As a writer, I have sinned. This is my confession.
I am working on a deadline and for the past forty-eight hours I have been consumed with something other than writing. Lord, I have met my Waterloo, and Ancestry.com be its name. I'm uncertain how I was led astray. I just know that once I was sucked into the black hole of nothing-else-will-get-done-ness that is Ancestry.com, I was held there by a powerful force field and unable to return to my Work-In-Progress. This was way worse than my Daily Mail addiction. Personal hygiene was ignored. I didn't leave the house. No meals were prepared. At one point my husband came into my office and asked if he needed to get a second job to support my Ancestry.com habit. Yes, it was getting ugly, and yet, I was not deterred.
My father died when I was 24. I don't know much about his family, and now, unfortunately, there really is no one around to ask. (Let this be a lesson to you. Ask!) I do have a hand-written family tree that his older brother prepared in 1990s. Armed with that information, some of which was unclear and incomplete, on a crumpled sheet of paper, I logged onto Ancestry.com and entered a whole new world.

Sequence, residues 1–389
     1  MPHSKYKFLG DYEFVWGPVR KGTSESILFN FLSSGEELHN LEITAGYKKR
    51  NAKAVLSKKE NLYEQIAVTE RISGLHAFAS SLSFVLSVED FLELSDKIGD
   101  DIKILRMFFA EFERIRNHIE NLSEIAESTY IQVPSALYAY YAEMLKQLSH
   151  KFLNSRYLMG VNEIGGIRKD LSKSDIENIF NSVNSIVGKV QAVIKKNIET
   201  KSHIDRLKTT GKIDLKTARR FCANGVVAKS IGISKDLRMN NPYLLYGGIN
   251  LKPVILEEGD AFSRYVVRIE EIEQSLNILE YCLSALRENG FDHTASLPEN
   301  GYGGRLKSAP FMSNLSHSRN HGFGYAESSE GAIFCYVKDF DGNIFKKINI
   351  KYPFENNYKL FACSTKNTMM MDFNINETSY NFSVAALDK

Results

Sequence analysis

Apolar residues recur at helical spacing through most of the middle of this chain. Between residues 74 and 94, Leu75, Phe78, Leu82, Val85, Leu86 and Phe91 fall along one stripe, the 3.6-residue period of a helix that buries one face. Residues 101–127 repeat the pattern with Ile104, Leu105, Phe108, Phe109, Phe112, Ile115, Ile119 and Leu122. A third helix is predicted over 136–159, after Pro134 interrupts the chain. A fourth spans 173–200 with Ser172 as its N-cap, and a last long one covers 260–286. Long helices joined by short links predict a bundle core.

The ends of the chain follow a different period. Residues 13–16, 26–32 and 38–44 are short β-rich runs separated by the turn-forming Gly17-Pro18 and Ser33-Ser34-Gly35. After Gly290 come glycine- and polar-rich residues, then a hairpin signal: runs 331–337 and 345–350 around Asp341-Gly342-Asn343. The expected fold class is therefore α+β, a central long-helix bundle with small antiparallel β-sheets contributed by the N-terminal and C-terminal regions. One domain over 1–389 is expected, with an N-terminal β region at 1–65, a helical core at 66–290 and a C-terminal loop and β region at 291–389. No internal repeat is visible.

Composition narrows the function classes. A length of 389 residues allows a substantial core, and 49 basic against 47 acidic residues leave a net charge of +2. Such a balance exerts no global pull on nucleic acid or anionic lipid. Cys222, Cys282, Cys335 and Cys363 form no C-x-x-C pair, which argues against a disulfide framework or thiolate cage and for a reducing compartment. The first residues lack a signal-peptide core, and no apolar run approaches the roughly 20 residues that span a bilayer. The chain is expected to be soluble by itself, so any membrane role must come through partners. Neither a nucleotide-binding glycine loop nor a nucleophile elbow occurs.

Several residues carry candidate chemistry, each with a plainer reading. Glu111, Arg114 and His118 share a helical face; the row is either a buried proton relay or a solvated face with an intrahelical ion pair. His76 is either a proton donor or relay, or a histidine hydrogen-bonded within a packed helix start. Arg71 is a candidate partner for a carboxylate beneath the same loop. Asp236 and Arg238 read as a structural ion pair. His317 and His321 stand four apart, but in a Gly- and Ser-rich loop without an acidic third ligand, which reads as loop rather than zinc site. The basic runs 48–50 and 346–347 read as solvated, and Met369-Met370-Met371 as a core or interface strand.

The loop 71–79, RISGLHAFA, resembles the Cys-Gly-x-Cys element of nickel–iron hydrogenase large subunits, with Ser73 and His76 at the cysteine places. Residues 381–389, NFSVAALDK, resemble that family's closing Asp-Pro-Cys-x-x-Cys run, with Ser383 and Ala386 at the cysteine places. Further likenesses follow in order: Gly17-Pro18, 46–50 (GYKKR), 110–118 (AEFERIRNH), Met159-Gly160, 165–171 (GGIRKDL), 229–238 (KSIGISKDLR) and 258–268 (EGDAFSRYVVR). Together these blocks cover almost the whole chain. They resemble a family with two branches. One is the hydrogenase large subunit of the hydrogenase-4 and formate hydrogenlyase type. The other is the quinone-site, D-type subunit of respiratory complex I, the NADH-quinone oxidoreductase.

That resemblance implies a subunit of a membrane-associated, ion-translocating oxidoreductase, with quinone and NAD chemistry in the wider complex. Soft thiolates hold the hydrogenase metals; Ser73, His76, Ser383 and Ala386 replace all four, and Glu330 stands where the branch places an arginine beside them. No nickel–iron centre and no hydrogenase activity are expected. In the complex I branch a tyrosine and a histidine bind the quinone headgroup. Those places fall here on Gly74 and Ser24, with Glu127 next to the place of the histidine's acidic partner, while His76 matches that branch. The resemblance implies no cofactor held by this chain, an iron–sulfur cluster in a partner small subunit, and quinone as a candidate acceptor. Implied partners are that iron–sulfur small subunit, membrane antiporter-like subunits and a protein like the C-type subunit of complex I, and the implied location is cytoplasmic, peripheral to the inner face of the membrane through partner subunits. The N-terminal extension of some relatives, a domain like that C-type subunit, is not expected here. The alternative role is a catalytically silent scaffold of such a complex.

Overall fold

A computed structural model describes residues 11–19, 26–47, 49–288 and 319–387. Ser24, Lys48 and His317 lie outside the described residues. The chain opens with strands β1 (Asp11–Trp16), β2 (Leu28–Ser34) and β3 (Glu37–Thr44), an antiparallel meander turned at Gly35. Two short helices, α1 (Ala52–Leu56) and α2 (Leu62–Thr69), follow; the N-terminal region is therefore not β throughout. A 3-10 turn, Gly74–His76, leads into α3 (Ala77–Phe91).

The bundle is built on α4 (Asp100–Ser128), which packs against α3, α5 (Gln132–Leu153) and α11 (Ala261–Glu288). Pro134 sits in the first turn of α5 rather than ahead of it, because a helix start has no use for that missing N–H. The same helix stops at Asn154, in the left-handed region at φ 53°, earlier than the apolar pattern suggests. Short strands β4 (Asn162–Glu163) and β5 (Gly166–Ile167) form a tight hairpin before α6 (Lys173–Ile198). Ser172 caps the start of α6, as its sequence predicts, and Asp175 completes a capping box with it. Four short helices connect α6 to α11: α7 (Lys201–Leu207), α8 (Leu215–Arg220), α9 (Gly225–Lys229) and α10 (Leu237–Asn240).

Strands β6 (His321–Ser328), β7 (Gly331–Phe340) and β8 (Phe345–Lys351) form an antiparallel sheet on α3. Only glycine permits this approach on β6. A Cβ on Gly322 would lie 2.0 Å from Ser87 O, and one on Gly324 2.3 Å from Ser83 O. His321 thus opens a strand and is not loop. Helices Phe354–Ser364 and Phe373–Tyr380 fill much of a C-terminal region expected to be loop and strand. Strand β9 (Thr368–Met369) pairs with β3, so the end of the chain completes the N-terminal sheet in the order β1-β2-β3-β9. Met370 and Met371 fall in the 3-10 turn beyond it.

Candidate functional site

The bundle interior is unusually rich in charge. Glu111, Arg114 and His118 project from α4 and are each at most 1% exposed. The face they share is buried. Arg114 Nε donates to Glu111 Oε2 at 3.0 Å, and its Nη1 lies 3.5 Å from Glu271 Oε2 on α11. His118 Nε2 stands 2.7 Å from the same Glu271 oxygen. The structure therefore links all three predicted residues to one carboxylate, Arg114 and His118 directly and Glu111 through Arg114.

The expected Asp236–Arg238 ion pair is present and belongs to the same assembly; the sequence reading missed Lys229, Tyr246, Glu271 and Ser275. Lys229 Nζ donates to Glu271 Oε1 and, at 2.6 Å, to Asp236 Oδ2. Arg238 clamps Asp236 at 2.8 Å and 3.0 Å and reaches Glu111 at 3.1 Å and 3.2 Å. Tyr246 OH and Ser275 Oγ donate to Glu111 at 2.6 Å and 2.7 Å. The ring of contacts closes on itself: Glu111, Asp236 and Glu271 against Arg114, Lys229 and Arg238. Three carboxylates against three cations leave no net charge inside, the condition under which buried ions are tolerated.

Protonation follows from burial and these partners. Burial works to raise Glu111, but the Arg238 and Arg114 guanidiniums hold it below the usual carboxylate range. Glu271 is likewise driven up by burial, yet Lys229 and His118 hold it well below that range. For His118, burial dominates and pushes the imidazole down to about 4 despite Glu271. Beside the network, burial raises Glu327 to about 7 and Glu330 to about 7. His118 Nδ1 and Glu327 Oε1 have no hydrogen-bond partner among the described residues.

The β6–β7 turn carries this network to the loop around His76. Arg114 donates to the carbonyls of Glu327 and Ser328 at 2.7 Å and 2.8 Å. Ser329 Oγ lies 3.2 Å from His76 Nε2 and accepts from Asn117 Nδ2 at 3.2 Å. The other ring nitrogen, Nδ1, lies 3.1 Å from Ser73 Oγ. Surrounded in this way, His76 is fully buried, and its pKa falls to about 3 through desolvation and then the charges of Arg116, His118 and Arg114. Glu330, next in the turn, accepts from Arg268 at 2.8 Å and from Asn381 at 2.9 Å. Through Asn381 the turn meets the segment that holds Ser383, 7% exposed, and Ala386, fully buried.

That's where I met Dorcas. She is my great-great-great-great-great grandmother. In the summer of 1761, her parents bought passage for themselves and their four children on the good ship "Hopewell." They ventured into the unknown from Londonderry, Ireland to Halifax, Nova Scotia. (It should be noted here that I don't like driving from Santa Clarita to Santa Monica without my GPS – I can't imagine the bravery of this little family.)
Dorcas was four years old at the time. She was the only one of her siblings to survive the transatlantic crossing.
She and her parents settled in Glenholme, Nova Scotia. It's a mark on the map so small that it isn't there any more, and so remote that Google maps doesn't provide any street views of the area. In my mind's eye it's cold, isolated, rugged and breathtakingly beautiful. It was there in Glenholme that Dorcas grew up, fell in love and married the son of a local farmer. A tall drink of water, I'm guessing, by the name of Alexander Vance.
And the rest, so they say, is my history.
I'm back to the grindstone today. I know that's what Dorcas would've wanted it that way. Becoming an author isn't easy. I feel like I'm sailing in uncharted waters every day. But now that I know that I've got a bit of Dorcas the Explorer in my blood, I will persevere. I will survive. And I won't be afraid.